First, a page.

Cathepsin B modulates lysosomal biogenesis and host defense against Francisella novicida infection
Lysosomal cathepsins regulate an exquisite range of biological functions, and their deregulation is associated with inflammatory, metabolic, and degenerative diseases in humans. In this study, we identified a key cell-intrinsic role for cathepsin B as a negative feedback regulator of lysosomal biogenesis and autophagy. Mice and macrophages lacking cathepsin B activity had increased resistance to the cytosolic bacterial pathogen Francisella novicida. Genetic deletion or pharmacological inhibition of cathepsin B down-regulated mechanistic target of rapamycin activity and prevented cleavage of the lysosomal calcium channel TRPML1. These events drove transcription of lysosomal and autophagy genes via transcription factor EB, which increased lysosomal biogenesis and activation of autophagy initiation kinase ULK1 for clearance of the bacteria. Our results identified a fundamental biological function of cathepsin B in providing a checkpoint for homeostatic maintenance of lysosome populations and basic recycling functions in the cell.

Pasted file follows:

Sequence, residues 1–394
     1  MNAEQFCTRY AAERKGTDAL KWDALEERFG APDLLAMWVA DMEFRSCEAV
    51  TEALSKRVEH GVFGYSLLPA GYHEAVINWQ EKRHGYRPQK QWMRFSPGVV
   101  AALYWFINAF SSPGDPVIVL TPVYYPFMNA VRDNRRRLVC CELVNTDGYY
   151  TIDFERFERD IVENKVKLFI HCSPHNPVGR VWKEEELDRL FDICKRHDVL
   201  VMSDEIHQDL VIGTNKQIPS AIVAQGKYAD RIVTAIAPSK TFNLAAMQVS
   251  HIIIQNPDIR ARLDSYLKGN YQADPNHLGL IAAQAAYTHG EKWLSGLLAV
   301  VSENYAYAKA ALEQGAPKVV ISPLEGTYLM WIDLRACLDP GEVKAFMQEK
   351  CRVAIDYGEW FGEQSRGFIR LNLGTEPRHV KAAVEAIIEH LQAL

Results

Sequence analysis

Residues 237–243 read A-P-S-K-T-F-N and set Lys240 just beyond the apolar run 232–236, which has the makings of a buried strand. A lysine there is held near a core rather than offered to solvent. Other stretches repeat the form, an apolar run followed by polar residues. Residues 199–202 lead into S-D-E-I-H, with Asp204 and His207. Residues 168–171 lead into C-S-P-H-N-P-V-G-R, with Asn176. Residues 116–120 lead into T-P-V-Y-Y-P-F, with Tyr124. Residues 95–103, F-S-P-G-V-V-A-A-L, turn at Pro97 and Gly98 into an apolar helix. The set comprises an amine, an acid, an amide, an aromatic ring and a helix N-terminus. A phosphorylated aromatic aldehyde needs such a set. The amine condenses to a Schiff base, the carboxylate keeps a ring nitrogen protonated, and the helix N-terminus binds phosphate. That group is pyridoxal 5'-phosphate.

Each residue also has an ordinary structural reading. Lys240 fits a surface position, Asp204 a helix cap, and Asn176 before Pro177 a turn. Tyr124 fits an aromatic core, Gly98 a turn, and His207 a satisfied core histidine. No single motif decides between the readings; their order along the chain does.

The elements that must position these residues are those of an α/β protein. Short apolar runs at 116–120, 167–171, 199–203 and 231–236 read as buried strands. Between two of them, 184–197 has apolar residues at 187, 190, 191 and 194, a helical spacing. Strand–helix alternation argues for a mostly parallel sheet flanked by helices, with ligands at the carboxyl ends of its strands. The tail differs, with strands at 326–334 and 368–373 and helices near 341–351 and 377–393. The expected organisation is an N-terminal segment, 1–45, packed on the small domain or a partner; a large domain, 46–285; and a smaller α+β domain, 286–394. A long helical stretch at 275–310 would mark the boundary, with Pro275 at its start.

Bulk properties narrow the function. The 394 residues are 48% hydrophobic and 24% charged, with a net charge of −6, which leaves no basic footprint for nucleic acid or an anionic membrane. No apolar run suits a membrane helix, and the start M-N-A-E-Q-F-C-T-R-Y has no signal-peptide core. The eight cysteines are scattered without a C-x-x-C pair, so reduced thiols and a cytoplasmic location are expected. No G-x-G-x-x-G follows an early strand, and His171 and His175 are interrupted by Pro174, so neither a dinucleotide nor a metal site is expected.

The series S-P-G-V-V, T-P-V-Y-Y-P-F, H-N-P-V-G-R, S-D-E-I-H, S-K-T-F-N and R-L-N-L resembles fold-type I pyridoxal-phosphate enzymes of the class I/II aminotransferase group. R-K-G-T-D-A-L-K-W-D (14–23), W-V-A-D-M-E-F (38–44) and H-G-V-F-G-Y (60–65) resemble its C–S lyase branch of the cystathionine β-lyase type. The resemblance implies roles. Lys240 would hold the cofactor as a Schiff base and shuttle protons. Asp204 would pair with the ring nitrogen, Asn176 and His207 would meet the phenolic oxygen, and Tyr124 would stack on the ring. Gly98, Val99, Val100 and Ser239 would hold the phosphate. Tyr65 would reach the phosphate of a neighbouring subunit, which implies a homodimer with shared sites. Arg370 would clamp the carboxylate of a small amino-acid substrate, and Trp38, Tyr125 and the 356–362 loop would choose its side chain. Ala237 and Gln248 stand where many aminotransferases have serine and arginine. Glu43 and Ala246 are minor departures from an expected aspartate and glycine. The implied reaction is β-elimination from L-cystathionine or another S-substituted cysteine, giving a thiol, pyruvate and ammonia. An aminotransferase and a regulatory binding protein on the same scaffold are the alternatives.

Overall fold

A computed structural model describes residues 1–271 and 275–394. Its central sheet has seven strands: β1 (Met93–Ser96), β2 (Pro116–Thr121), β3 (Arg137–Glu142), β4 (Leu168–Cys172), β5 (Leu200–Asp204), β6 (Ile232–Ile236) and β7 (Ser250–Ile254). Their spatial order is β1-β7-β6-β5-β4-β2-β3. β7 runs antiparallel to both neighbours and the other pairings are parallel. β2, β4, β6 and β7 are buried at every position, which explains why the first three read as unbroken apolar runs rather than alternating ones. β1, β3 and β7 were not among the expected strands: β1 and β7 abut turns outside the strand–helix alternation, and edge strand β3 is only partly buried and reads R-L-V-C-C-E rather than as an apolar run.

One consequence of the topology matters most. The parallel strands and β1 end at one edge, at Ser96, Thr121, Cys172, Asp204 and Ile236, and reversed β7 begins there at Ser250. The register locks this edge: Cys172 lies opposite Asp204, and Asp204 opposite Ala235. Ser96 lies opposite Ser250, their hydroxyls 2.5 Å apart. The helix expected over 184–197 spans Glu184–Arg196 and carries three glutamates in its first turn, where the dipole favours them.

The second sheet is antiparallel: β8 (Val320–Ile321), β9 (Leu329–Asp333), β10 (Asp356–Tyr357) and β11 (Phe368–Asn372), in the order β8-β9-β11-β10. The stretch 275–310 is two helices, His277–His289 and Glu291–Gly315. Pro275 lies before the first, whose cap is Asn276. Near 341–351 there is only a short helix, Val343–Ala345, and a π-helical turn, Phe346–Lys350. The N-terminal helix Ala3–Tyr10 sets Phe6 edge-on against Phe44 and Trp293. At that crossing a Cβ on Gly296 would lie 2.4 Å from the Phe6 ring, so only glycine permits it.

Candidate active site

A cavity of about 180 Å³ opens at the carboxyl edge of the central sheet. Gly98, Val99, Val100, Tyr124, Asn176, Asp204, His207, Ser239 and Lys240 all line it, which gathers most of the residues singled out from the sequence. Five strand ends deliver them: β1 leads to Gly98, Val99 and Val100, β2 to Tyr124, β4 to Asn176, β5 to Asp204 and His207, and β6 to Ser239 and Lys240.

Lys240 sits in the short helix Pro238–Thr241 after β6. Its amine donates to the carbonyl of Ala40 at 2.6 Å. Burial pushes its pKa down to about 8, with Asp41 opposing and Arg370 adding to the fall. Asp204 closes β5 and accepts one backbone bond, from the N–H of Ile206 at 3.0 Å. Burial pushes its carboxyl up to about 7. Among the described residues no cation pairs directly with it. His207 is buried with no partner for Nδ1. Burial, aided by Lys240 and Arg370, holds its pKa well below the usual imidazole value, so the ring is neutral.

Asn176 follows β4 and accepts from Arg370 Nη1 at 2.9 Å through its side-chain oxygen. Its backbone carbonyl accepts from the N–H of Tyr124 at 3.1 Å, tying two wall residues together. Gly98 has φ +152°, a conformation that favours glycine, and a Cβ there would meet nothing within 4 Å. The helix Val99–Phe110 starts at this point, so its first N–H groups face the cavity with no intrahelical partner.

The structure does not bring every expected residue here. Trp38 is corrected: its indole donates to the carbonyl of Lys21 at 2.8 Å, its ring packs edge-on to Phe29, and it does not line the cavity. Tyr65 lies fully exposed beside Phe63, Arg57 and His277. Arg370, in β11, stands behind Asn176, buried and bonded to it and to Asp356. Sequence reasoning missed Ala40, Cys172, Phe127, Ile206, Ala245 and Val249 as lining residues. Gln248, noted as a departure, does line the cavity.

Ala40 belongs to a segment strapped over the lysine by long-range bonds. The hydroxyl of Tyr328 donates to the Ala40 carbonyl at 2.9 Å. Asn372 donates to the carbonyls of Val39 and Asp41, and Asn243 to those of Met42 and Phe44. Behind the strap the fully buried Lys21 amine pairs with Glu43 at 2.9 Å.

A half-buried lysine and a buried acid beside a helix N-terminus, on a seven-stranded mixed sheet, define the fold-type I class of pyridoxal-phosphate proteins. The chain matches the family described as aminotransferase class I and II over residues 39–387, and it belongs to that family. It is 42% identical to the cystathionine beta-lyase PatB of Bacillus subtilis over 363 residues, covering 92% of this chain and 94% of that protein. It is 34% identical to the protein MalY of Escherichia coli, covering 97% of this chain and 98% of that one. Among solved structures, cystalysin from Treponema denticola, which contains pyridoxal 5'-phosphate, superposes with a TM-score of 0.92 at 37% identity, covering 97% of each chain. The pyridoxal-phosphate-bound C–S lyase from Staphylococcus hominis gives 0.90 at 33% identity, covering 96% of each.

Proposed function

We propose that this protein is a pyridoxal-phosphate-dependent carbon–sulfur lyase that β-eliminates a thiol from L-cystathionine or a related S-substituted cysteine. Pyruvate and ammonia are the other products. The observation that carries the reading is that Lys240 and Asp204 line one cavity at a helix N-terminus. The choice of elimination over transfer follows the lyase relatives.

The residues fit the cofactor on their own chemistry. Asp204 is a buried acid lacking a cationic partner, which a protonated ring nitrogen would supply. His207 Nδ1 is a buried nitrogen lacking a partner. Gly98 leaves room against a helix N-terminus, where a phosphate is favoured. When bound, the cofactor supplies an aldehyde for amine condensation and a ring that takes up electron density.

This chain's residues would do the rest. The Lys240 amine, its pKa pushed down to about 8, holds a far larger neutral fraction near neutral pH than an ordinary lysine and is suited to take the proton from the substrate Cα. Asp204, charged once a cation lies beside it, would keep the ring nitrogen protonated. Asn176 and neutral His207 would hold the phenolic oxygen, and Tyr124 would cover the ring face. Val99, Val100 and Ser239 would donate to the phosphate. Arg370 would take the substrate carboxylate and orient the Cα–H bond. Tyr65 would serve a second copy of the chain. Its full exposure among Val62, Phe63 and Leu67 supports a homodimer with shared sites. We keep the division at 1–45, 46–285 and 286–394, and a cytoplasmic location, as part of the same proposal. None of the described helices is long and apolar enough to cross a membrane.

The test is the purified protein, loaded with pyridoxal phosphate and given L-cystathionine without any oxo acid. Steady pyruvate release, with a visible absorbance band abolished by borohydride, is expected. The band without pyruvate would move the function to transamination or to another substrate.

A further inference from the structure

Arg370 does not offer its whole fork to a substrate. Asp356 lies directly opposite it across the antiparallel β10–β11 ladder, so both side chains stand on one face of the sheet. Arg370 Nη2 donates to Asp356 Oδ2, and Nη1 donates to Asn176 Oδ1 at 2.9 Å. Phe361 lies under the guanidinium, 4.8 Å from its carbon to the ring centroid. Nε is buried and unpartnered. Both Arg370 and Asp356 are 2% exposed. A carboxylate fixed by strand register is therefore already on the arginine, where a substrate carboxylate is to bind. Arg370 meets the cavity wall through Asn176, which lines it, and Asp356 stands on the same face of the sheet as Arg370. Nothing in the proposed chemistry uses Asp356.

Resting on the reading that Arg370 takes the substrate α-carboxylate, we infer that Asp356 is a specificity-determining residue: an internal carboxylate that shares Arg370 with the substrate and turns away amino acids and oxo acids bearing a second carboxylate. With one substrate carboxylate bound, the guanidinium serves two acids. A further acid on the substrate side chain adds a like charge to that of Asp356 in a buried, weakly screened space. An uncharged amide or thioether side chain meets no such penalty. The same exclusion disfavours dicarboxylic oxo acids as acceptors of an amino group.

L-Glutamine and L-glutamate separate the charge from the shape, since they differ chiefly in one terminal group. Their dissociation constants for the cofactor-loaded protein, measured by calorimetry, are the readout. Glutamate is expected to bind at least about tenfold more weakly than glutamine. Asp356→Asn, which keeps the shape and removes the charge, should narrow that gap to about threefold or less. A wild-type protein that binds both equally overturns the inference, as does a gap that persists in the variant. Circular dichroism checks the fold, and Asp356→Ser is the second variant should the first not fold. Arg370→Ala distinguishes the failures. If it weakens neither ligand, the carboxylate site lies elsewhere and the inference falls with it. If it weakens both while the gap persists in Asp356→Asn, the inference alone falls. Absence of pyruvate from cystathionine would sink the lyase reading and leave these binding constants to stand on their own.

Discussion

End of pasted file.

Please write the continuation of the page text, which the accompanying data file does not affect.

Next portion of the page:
© 2016 Qi, Xiaopeng, et al. Originally published in Journal of Experimental Medicine. DOI: https://doi.org/10.1084/jem.20151938
Infectious disease and host defense, Innate immunity and inflammation
Qi, Xiaopeng, Si Ming Man, RK Subbarao Malireddi, Rajendra Karki, Christopher Lupfer, Prajwal Gurung, Geoffrey Neale, Clifford S. Guy, Mohamed Lamkanfi, and Thirumala-Devi Kanneganti. "Cathepsin B modulates lysosomal biogenesis and host defense against Francisella novicida infection." Journal of Experimental Medicine 213, no. 10 (2016): 2081-2097.
Journal of Experimental Medicine